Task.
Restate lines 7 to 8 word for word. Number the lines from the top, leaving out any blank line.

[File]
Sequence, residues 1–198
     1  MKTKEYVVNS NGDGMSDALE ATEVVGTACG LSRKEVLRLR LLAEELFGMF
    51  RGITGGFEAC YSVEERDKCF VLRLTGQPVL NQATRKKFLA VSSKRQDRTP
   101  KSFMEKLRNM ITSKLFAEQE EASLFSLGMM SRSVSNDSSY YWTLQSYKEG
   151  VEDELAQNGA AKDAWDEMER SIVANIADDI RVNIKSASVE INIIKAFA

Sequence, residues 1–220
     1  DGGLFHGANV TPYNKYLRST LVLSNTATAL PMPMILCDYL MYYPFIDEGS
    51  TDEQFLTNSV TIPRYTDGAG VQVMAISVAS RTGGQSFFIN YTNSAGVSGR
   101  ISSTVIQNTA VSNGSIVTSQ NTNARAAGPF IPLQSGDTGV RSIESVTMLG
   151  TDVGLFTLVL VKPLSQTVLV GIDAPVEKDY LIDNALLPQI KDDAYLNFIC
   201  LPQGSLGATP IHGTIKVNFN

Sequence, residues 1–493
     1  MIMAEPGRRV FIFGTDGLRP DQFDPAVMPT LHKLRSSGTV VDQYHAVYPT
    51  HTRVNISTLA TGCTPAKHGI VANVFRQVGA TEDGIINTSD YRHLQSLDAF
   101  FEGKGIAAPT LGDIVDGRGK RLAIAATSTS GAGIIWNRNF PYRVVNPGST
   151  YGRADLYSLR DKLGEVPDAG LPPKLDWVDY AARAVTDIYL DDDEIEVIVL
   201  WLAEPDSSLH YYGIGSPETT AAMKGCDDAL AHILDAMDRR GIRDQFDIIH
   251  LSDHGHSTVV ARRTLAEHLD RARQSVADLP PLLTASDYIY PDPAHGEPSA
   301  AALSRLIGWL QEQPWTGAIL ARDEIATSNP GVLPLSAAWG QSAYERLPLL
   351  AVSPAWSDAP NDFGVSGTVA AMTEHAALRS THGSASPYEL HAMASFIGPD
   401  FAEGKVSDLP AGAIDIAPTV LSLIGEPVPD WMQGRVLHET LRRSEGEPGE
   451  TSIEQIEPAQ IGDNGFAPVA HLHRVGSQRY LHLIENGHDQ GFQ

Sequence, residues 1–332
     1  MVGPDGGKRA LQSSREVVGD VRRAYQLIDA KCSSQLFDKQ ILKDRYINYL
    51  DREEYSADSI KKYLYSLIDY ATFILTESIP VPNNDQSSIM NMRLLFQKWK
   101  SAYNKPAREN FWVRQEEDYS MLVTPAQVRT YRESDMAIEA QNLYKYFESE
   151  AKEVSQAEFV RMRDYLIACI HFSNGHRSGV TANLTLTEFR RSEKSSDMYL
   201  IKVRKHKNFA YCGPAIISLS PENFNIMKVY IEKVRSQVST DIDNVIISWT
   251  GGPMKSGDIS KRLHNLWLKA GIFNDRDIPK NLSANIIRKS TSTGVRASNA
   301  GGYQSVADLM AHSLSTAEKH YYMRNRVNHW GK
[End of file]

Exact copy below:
     1  DGGLFHGANV TPYNKYLRST LVLSNTATAL PMPMILCDYL MYYPFIDEGS
    51  TDEQFLTNSV TIPRYTDGAG VQVMAISVAS RTGGQSFFIN YTNSAGVSGR